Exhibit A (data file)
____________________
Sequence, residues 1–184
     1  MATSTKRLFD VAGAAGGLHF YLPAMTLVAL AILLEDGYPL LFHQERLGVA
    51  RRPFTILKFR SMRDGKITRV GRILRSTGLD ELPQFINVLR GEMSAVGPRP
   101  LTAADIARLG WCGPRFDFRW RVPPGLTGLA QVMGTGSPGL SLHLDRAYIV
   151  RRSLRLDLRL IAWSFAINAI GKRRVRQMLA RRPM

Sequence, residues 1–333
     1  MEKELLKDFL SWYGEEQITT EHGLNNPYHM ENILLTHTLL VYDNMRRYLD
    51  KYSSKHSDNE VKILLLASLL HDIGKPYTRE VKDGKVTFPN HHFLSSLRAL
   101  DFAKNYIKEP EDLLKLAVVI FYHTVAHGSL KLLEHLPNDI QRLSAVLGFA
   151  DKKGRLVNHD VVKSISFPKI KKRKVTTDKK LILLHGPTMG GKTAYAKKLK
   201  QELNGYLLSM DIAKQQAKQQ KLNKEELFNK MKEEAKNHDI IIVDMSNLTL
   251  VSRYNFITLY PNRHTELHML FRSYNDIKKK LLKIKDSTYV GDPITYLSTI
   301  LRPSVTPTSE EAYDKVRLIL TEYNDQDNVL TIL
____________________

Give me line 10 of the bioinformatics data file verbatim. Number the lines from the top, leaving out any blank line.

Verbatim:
   151  DKKGRLVNHD VVKSISFPKI KKRKVTTDKK LILLHGPTMG GKTAYAKKLK